The Village of Valemount passed a policy at their regular Jan. 8th meeting that takes burden off Village staff and places more responsibility with business owners to clear downtown sidewalks.
Until this policy, it had been unclear what responsibilities lie with landlords. While Council voted in 2010 to amend the policy to transfer all responsibility of sidewalk snow removal to the Village, the policy was never actually changed.
“There’s this discrepancy between the council resolution and the policy – the resolution never made it into the policy,” says the Village Chief Administrative Officer Anne Yanciw.
Council requested last spring that a new draft policy be reviewed by residents including downtown tenants/landlords. The Chamber of Commerce was approached for members interested in assisting with this task. Patricia Thoni and Mike Simms volunteered and helped draft the policy.
The policy clarifies that the Village will pass once over downtown sidewalks before business hours when there is more than 3 in or 7.5 cm of snow. At all other times it is the tenant’s/landlord’s responsibility to ensure sidewalks remain clear of snow and ice. The policy stipulates that landlords must clear sidewalks by 10 a.m. on weekdays and within 24 hours on weekends.
“Sidewalks are expected to be kept to a condition to allow safe use by pedestrians. Handicapped ramps are to be kept to bare condition, or if impossible, then sanded,” the draft policy states. In addition, the “courtyard” area in front of the IGA will receive the same attention as the sidewalks.
Yanciw says on days when it is required, snow removal of sidewalks will begin with the first public works shift at 5 a.m. The clearing of streets, however, likely won’t begin until 7 a.m. when the rest of the public works crew arrives.
Peter Reimer, a 5th Ave landlord says it doesn’t make sense to pawn off snow removal on tenants, when so much was invested in the downtown revitalization.
In addition to the cost and nuisance to business owners, he is concerned about shopkeepers damaging the bricks by not using the appropriate snow and ice control methods.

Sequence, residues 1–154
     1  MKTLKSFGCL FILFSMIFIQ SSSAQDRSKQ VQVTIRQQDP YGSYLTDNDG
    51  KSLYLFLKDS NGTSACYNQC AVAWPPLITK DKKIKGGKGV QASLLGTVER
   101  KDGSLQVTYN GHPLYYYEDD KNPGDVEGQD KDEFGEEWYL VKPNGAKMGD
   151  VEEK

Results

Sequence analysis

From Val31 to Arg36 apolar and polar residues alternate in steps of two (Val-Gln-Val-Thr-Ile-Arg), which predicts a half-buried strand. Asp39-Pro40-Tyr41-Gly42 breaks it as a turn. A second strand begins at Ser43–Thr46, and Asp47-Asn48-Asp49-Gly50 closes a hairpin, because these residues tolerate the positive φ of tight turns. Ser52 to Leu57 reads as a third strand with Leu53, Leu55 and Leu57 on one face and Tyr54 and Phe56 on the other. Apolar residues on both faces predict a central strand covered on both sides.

“It’s about protecting our investment.”
He says when the revitalization was first pitched to residents, the Village assured him that landlords would not have to foot the bill for winter sidewalk maintenance.
“I think they should honour the agreement they made – for the good of our town,” he says.
A snow removal report to council notes that if the Village were to be responsible for 100 per cent of sidewalk maintenance it would cost an estimated $5,000/year and require an additional staff person.
5th Ave. tenant Sherral Shaw says she removes snow in front of her business regardless of the policy, but had questions about liability and wondered whether this affected other businesses’ willingness to remove snow and ice.
Like a bylaw, a policy can be enforced by the Village, Yanciw says. While it’s not written in the policy, she says if a landlord fails to clear the snow in front of their building, the village will clear it for them and send them a bill.
She says the Learning Centre has agreed to carry a list of people willing to clear snow and owners may choose to hire someone to clear the snow for them. Landlords of empty buildings will still be responsible for snow clearing.
Yanciw says if the Village takes on more snow removal, they would need to consider everything they have assigned the public works department already, including bylaw enforcement, garbage collection and Bigfoot Trail clearing.
“By the time you add up all these things, there is a staffing impact.”